Bannon Reportedly Made Up Story That Inspired His Fear Of Muslims

President Donald Trump's chief strategist, Steve Bannon, may have lied about how he first thought Islam was a "threat," so does that mean we should worry about Trump's reliance on his insights?

Close-up of Trump and Bannon.

It's no secret that Steve Bannon has a deep, often irrational fear of Islam and those who subscribe to it. But what's not clear is why he lied about how he got the idea that Muslims were a threat to America.

At a delicate time when political unrest is leading to serious and even deadly incidents, President Donald Trump's White House chief strategist doesn't seem to be helping restore the public's now-frail trust in the current administration. And according to The Intercept, that's because he seems unable to be honest about the true reason why he's so fearful of Muslim-majority nations.

While talking to journalist Joshua Green, the author of “Devil's Bargain: Steve Bannon, Donald Trump, and the Storming of the Presidency,” Bannon said he first noticed that Islam represented a “threat” when he served on a Navy destroyer in the Arabian Sea.

According to the strategist, he was able to tell that the threat “was just going to be huge” even then, as he served as a junior officer.

“We’d pull into a place like Karachi, Pakistan — this is 1979, and I’ll never forget it — the British guys came on board, because they still ran the port," he said. "The city had 10 million people at the time. We’d get out there, and 8 million of them had to be below the age of fifteen. It was an eye-opener. We’d been other places like the Philippines where there was mass poverty. But it was nothing like the Middle East. It was just a complete eye-opener. It was the other end of the earth.”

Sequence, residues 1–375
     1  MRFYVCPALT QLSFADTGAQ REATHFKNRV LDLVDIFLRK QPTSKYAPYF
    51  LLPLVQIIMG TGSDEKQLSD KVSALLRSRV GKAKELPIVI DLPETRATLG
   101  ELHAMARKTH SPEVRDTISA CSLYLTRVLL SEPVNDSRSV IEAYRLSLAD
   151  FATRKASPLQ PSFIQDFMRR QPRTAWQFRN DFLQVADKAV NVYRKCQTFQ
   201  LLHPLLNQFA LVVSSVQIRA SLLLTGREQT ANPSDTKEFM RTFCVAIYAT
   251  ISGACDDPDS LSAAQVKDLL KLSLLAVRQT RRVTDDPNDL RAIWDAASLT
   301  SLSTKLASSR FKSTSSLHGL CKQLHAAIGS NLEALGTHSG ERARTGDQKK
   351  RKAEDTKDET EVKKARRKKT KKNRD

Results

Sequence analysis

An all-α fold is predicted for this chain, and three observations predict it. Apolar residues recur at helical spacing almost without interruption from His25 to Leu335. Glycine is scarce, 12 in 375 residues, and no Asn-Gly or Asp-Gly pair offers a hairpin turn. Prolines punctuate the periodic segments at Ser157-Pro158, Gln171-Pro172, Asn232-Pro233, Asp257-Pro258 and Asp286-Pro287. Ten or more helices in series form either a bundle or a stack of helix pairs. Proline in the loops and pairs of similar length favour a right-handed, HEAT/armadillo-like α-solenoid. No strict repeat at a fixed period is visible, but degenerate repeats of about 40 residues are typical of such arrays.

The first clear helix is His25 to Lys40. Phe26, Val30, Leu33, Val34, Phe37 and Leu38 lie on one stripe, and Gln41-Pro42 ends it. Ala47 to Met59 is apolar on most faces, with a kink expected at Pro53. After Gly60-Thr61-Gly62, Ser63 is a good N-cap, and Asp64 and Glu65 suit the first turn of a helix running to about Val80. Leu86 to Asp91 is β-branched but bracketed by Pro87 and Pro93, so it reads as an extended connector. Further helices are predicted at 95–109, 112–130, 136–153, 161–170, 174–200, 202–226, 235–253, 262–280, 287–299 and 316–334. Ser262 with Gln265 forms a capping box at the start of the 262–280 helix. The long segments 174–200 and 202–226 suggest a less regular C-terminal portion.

But The Intercept discovered that when the story was actually researched in depth, it appeared that Bannon had the details all wrong.

The publication talked to at least six sailors who served with Bannon while he occupied the destroyers in 1979, and the information they shared with reporters matched the ship deck's logs.

What The Intercept found is that Karachi, the commercial hub of Pakistan, did not have that large of a population in 1979. As a matter of fact, it was closer to 5 million at the time.

But what's more concerning is that according to Bannon's colleagues, the USS Paul F. Foster ship on which he served never visited Karachi with Trump's chief strategist on board. Instead, the ship visited several other ports at Hawaii, Guam, the Philippines, Christmas Island, Hong Kong, and Singapore.

So was Bannon lying?

Unless he developed a false memory that led him to believe he was in Pakistan between 1979 and 1980, the answer is probably yes.

Still, it's important to note that, as Splinter so aptly pointed out, the fact Bannon's ideologies may be rooted in fiction “is important considering he now wields unwavering power in the White House.”

So, is the president relying on a team of aides, and in this case, strategists, who are simply delusional? And if so, could this be putting the country in danger, especially when it comes to foreign policy? If Bannon's fabricated story is to be taken into account, then the answer to both questions is probably yes.

Banner and thumbnail image credit: Reuters/Carlos Barria

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